ADDRESS: 806 East 3rd Street #100, Los Angeles, CA 90013
Japanese handrolls were not something that I had previously frequented very often. Whenever I’d go to Japanese restaurants, I would typically go for maki or sashimi. But I have my friend Emily to thank for helping to broaden my horizons and introducing me to the art that is Japanese handrolls.
We took a trip down to the Arts District to go to Yunomi Handroll, a Japanese handroll bar that Emily had been to before. It’s a first-come, first-serve restaurant, with bar-style seating only. The place itself seats approximately 20 people; we had arrived here early for dinner, and maybe half of those seats were already filled with other parties. By the time that we left, however, it was prime dinnertime, and the bar was jam-packed, along with people already waiting for next available seating.
It was difficult to choose between all of the handroll selections on their menu, because everything just sounded so good. In addition to their individual ingredient handrolls, like salmon, tuna, scallops, or albacore, you also had some of their specialty handrolls, such as unagi or soft shell crab. If you feel like munching on something else in addition to the handrolls, there are also the seafood and vegetable appetizers that you can order from the kitchen as well.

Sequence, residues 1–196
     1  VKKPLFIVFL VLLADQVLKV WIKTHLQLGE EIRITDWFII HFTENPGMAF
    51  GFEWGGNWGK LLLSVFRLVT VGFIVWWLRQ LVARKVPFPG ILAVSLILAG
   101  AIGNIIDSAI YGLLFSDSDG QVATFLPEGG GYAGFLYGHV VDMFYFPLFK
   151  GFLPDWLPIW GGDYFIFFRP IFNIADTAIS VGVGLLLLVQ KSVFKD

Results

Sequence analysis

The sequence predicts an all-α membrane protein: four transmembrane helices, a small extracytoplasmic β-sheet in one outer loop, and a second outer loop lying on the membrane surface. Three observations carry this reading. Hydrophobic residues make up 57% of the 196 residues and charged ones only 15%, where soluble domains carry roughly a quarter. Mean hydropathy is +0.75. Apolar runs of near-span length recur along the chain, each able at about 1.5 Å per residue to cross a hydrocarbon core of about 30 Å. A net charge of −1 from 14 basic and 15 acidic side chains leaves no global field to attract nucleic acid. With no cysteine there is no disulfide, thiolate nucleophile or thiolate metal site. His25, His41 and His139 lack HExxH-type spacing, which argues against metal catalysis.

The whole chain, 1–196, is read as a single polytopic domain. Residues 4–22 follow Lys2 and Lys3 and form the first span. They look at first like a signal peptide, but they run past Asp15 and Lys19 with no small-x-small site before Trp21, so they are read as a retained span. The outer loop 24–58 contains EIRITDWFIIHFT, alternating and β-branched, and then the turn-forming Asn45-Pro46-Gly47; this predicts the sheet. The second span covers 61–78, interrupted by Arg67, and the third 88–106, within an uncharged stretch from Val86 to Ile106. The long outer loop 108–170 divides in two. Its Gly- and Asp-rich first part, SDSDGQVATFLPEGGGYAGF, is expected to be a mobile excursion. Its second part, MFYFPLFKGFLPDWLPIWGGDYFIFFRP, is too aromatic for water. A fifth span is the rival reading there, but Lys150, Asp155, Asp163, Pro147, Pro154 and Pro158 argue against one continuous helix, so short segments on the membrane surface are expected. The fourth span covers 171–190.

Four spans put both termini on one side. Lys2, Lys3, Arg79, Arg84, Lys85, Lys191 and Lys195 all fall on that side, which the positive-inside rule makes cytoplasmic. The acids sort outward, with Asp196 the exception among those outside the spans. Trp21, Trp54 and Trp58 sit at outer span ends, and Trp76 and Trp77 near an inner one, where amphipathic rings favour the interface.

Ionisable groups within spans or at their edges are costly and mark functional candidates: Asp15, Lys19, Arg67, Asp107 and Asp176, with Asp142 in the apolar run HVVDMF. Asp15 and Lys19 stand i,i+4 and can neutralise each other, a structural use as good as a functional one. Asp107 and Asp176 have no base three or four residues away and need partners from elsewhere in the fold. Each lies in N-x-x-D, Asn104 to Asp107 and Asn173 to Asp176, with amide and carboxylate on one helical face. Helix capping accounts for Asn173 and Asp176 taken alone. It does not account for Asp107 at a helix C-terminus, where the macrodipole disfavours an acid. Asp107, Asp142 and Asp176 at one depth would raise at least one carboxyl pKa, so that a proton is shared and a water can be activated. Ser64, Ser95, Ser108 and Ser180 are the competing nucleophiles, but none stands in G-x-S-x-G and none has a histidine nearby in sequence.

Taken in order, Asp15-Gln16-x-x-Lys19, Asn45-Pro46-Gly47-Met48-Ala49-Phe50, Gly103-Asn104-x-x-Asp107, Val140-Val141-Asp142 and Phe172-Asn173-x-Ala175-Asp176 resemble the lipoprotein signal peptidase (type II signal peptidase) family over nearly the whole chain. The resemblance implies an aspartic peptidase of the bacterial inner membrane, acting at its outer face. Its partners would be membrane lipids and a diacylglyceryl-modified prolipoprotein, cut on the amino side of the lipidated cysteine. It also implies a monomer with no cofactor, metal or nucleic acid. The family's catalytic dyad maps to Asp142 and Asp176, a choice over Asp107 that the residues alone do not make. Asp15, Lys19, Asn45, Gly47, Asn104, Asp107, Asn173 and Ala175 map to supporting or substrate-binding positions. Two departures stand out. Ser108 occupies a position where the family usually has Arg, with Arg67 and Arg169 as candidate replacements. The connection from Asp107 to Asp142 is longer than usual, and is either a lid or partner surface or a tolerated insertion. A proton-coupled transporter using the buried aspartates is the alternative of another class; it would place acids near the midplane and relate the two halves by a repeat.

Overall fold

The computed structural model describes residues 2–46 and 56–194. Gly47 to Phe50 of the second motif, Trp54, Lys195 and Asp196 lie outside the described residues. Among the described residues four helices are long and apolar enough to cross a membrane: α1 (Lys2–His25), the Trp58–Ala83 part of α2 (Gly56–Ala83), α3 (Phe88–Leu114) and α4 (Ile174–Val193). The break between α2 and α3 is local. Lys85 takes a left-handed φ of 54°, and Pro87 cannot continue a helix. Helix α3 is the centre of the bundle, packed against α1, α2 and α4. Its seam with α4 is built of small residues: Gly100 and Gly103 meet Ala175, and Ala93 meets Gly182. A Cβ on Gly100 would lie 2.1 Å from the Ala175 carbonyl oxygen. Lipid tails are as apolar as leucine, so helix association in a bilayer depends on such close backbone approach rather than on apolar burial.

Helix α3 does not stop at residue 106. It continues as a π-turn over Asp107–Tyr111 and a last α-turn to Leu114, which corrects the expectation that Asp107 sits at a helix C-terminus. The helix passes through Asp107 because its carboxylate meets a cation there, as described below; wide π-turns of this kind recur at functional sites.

I had read some good things about the Rock Shrimp Tempura appetizer dish, so that made it onto our list. We paired that with the Spicy Albacore Sashimi with Crunchy Onion before we moved on to our handroll selection. I ended up trying out four rolls total by the end of the meal: Spicy Salmon, Unagi, Soft Shell Crab, and the Negi Toro. I liked the fact that it also gave me a nice spread of different seafood flavors on top of the appetizers.